- Former Asda boss and Kingfisher exec to sit on Bunnings UK advisory board
- First Bunnings UK pilot to launch in October
- “We will look to open a range of stores before doing lots of fine tuning and testing” - Bunnings chief executive John Gillam
Wesfarmers has revealed that former Asda boss Archie Norman will help oversee its bid to conquer the UK DIY market with its Bunnings fascia.
Retail veteran Norman, who has been an adviser to Wesfarmers since 2007, has been appointed to a three-man advisory board to guide Bunnings in the UK.
Former B&Q Asia chief executive Matt Tyson and ex-McKinsey partner and Lazard adviser Michael Mire are the other two members of the board.
Norman is also a former finance boss of Kingfisher.
The three-man team will provide key insights to help the Australian retailer drive its UK strategy, which includes transforming Homebase stores into Bunnings warehouses.
Bunnings chief executive John Gillam revealed the move at a Wesfarmers strategy day in Australia earlier today.
Speaking to Retail Week, Gillam also revealed the business is “on track” to have its first pilot Bunnings store open as soon as October, but would not specify its location.
On the appointment of Tyson, Gillam said: “He’s a very well-credentialed UK retailer.
“He made his name at B&Q and then spent some time at Castorama. More recently he’s been in Australia working for a competitor business, which gives him a unique insight into our business.”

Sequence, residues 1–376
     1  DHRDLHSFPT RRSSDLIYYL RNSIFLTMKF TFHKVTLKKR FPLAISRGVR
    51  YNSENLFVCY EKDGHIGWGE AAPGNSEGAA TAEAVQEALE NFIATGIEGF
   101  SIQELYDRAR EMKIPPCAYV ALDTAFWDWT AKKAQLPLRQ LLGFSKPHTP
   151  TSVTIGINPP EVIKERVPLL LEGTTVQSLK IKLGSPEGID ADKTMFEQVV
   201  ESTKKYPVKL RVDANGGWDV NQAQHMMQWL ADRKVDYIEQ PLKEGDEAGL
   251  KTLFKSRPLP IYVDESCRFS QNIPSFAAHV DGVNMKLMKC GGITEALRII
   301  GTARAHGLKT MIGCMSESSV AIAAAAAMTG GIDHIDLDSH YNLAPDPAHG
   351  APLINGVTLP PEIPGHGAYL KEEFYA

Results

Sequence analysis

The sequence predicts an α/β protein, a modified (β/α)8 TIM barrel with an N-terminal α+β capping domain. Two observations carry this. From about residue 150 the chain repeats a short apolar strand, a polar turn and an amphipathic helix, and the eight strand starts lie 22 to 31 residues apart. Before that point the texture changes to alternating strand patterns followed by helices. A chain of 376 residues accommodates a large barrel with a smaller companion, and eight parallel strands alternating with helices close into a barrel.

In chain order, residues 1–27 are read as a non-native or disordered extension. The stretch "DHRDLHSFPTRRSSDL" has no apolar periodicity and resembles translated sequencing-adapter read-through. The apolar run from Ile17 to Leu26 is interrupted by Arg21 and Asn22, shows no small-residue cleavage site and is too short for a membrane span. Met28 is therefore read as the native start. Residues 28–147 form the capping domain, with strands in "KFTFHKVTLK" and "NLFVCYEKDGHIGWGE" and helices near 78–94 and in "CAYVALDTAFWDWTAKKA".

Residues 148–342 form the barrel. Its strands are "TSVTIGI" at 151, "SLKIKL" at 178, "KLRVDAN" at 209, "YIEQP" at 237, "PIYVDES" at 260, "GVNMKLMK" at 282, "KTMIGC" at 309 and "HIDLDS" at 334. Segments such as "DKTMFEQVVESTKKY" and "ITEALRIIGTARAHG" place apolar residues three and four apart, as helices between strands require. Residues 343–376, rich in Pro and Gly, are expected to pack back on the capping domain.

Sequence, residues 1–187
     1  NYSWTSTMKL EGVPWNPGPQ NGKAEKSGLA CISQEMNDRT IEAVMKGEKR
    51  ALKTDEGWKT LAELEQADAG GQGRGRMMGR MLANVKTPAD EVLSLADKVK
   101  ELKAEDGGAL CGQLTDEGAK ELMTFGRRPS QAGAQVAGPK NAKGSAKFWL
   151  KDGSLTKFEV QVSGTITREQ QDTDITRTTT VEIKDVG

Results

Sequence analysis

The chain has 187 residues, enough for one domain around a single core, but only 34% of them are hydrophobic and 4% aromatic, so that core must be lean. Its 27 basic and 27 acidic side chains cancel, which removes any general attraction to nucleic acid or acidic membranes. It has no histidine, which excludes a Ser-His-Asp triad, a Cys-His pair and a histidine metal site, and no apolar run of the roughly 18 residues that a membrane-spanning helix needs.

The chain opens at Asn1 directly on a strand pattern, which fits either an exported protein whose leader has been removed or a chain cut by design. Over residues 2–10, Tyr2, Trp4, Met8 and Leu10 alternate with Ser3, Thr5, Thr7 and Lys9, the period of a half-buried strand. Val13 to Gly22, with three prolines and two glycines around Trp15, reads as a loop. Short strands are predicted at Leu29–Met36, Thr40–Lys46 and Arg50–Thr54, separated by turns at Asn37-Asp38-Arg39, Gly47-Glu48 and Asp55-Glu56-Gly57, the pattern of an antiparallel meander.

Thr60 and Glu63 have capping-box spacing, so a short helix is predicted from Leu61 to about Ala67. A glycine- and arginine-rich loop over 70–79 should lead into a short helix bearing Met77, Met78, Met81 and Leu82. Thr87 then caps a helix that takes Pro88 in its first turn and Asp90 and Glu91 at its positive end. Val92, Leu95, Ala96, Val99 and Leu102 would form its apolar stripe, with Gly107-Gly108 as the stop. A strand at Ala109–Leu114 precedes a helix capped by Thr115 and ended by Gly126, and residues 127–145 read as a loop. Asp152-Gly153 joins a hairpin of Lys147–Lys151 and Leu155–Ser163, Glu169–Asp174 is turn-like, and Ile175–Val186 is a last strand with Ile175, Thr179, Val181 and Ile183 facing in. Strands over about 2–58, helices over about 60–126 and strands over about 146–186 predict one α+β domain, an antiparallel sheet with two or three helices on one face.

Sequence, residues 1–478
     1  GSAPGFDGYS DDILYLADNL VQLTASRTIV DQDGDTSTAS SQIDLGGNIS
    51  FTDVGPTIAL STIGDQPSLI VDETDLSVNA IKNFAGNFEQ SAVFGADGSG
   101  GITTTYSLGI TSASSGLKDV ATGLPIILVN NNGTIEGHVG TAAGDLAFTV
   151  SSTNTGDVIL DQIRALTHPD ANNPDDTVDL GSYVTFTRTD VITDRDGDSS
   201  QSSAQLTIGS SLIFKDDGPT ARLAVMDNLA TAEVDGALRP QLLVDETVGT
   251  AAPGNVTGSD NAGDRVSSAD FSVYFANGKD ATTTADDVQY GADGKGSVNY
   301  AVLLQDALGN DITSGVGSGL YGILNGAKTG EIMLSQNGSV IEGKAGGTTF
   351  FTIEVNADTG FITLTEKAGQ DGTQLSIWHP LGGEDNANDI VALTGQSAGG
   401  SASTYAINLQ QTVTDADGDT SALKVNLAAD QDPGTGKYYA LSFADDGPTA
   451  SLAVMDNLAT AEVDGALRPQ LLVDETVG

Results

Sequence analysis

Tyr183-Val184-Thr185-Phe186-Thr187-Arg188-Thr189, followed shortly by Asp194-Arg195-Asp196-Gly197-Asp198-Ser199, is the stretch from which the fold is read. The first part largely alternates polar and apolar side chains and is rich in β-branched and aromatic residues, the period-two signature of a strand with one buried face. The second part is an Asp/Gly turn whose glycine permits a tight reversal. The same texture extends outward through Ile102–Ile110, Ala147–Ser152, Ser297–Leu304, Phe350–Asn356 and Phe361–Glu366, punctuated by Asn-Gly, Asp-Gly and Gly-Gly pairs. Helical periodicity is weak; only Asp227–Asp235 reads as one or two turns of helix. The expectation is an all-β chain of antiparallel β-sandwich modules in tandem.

Gillam described Mire as “a really strong thinker” who ”brings some real discipline”.
“We’ve drafted in a lot of powerful people to help us get things right,” he added.
Gillam said the Bunnings’ management team, led by managing director Peter Davis and finance boss Rodney Boys, is now “well established and growing”, confirming that six executives have been brought over from Australia to oversee the changes. However he declined to name the other individuals.
Homebase is the platform that we wanted it to be and the market is as we were viewing it – attractive and growing
Bunnings chief executive John Gillam
Bunnings parent company Wesfarmers acquired Homebase from Home Retail Group earlier this year.
Gillam told Retail Week that, so far, he is “very pleased” with the performance of the business.
He said: “Homebase is the platform that we wanted it to be and the market is as we were viewing it – attractive and growing.”
During its first four months Bunnings has been “working urgently” to halt Homebase’s store closure programme. Gillam said that by ”pulling seven stores back from the cliff edge” the retailer has saved around 200 jobs. Bunnings hopes to prevent the closure of 11 further stores, potentially saving up to 500 more jobs over the next 12 months.
At the strategy day, Wesfarmers confirmed its plan to invest $1 billion in Homebase with a view to making an 18% return on capital within five years.
“We will look to open a range of stores before doing lots of fine tuning and testing. We don’t expect the first store to be perfect,” Gillam told Retail Week.
“Successful pilots are an absolute precursor to further investment”, he added.
Gillam also confirmed that ecommerce was “very much part of the Bunnings strategy” and unveiled plans to “substantially enhance” the existing platform.